DETROIT – A rare phenomenon on a Lake Michigan beach caught the eye of a Michigan state park supervisor Friday morning, who snapped cell phone photos and posted them to the Holland State Park’s Facebook page.
“We went down to the beach to check on things and we saw these large ice balls,” said Sean Mulligan, a Department of Natural Resources supervisor at the park. “I had heard of them before, but I hadn’t ever seen them.”
Thousands of the balls, he estimated, rolled up onto the lakeshore.
Some were the size of baseballs and softballs; others were the size of bowling balls and dodge balls, and the biggest ones, just a few, looked to be the size of yoga balls, the kind some people use to work out with and do Pilates.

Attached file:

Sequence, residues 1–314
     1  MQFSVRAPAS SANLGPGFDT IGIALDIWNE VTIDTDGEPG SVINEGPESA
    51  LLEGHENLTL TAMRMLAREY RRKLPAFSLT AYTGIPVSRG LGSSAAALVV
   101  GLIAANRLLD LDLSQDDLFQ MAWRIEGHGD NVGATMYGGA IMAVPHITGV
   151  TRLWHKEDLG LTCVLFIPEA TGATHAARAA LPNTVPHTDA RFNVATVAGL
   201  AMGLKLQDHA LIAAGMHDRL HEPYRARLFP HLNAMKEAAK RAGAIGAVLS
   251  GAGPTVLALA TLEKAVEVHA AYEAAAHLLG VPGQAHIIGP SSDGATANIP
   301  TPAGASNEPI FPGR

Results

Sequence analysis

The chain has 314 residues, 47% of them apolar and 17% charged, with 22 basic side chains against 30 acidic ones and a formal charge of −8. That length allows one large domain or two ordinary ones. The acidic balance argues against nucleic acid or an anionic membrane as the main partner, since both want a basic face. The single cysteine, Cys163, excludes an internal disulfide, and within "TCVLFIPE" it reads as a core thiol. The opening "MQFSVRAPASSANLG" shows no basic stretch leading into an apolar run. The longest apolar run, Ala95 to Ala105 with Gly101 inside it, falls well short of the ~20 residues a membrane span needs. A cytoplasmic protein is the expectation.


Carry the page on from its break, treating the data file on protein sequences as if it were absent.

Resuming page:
The balls, experts say, form on beaches when weather conditions are just right: The temperatures are just below freezing along shallow beaches. Slush collects into round shapes and the waves sculpt ice chunks into orbs.
Ice balls are occasionally spotted on the Great Lakes, as well as on beaches in Germany, Russia and Scandinavia. Last year, the British Broadcasting Corp. reported an amateur photographer took photos of ice balls on an island in the Gulf of Bothnia between Finland and Sweden.
“I don’t know how long they’ll last for,” Mulligan said, “But, they were definitely down there this morning in force.”
Follow Frank Witsil on Twitter: @fwitsil